Parquet is a contemporary French-inspired bistro on Harbord Street with distinctly Torontonian sensibilities. Besides a convivial atmosphere for delicious food and thoughtful drinks, the sophisticated restaurant takes over the former Flock space transforming it into a room of elevated comfort.
Here, bistro classics are given modern international flourishes a la chef Jeremy Dennis. A musician and chef, Dennis has worked at Woodlot, Burdock Brewery, Chantecler and Montgomery’s, filling Parquet’s menu with refined French-inspired dishes that showcase products from local producers and set to change seasonally – up to six times a year.
Owners Daniel Bernstein and Matt Cohen met in law school. Besides sharing a passion for dining out, they are both avid supporters of the restaurant scene outside of their day job – although Bernstein has since left the practice to focus solely on the business.
“We wanted [to create] a space that makes people feel good. We noted the kind of places we liked and built it [to include details of] what we and other people would want,” Cohen told blogTO explaining that the restaurant’s name is inspired by parquet flooring that’s known for being classic, detail-heavy, iconic, and strong.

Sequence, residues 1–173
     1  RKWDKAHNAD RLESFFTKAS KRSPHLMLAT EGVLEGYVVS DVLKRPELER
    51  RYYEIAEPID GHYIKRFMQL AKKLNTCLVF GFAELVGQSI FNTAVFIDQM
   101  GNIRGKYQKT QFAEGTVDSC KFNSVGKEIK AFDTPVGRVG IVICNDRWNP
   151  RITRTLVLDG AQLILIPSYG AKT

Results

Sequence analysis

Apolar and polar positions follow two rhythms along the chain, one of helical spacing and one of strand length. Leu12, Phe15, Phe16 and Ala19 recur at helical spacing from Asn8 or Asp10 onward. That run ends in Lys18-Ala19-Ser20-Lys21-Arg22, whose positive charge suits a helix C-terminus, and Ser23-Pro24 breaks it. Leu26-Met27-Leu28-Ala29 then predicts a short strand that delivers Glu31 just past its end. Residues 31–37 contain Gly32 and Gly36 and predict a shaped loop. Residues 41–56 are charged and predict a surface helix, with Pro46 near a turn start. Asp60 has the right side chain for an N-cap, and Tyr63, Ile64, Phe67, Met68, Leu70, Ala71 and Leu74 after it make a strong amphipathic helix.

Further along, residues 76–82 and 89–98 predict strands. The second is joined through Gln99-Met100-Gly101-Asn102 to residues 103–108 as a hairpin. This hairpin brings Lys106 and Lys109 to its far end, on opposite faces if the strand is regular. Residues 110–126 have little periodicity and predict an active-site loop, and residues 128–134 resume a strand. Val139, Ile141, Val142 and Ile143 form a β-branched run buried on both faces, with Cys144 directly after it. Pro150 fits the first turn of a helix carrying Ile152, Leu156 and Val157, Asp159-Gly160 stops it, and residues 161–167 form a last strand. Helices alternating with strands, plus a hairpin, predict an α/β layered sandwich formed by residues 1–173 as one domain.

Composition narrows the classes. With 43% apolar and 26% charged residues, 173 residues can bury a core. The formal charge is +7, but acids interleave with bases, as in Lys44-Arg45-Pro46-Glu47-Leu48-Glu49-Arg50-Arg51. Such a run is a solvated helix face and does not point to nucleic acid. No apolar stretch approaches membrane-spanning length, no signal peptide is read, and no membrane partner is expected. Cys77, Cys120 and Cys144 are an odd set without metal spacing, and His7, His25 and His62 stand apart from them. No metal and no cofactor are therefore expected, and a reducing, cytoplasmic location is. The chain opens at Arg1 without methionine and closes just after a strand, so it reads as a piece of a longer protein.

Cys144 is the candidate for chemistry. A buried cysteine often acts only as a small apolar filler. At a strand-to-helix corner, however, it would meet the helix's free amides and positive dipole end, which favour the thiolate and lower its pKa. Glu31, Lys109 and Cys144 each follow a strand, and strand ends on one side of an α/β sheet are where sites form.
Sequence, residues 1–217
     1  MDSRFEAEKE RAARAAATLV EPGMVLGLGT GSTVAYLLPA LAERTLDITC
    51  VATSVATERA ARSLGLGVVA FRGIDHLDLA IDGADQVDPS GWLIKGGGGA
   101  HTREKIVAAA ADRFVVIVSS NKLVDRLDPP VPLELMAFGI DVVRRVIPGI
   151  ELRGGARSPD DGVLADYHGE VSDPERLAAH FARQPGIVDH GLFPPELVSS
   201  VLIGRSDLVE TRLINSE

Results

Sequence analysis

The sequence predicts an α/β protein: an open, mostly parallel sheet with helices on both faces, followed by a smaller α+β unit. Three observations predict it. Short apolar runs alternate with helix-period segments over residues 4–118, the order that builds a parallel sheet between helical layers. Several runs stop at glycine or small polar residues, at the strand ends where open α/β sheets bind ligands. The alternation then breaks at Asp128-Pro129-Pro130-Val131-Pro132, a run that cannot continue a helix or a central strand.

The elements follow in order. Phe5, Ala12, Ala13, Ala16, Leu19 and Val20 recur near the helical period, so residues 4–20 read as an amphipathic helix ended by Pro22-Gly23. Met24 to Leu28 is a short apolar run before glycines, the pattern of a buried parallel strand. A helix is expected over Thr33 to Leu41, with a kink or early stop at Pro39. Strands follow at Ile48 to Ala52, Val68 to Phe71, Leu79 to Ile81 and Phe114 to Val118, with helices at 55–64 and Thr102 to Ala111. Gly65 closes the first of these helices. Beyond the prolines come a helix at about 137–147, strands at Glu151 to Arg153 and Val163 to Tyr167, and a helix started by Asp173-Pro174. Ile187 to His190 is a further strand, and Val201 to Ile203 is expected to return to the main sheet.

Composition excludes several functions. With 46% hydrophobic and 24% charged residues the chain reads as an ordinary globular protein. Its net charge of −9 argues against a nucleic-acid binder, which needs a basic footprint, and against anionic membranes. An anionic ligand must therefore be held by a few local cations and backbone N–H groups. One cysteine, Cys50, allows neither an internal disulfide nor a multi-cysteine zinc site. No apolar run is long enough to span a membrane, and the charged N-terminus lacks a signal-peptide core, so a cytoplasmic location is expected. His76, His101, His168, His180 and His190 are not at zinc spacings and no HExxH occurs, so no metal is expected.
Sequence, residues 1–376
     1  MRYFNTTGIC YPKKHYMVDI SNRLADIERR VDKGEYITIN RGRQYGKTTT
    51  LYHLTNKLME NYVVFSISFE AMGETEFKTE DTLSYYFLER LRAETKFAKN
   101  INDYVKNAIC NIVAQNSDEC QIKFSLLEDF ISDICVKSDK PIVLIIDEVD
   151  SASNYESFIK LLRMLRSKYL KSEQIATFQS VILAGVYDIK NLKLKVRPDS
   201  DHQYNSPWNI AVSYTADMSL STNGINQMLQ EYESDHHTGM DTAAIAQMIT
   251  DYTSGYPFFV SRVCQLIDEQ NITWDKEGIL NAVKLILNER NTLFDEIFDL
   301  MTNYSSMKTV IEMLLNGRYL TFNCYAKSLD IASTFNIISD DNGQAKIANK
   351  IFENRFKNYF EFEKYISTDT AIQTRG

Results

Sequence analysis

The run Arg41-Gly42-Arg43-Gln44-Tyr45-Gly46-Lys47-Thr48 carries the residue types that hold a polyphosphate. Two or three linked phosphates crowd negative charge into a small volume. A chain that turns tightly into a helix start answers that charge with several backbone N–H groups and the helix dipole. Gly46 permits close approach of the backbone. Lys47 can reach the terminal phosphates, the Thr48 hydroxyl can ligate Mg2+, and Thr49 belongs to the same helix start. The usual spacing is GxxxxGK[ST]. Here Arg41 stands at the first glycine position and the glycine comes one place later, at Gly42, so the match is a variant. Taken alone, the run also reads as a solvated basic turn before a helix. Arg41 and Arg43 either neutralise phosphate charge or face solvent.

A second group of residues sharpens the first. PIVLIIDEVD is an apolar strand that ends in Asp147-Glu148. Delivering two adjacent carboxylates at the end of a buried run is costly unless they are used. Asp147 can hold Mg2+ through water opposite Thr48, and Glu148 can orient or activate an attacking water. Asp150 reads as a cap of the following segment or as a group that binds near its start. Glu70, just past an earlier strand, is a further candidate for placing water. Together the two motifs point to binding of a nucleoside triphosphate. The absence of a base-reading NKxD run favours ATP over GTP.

Although the duo are first-time restauranteurs, the space is surprisingly polished. I learn that it’s partially because Bernstein is a natural when it comes to becoming a subject matter expert within a short period of time (thanks to years spent as a commercial litigator).
He also attributes his jump into the precarious business of running a restaurant to irrational confidence and industry connections.
“It’s true we’re first-time restauranteurs, but I had such confidence because I know Daniel to be someone who’s extremely intelligent and humble; he knows what he knows, and he knows what he doesn’t know. He knows when we have to fill in the gap with expertise,” said Cohen.
“We were confident that together we could build a vision. And that we were going to need others to contribute to make it a reality.”
That expertise came through Cohen’s sister-in-law, the one-and-only Joanne Yolles of Scarmouche’s legendary coconut cream pie fame. Yolles connected the duo with her George Brown College colleague, David Haman.
Food nerds will probably remember Haman as the chef and co-owner of Woodlot, the College Street hot spot that was known for contemporary Canadian-Italian cuisine that was cooked over wood fire.
It was Haman who recommended Dennis, one of his former Woodlot cooks, for the position. Dennis has created a dreamy menu with creative dishes that are rooted in the classics but enhanced with refined techniques the chef has honed over the years at some of the world’s top restaurants (more below).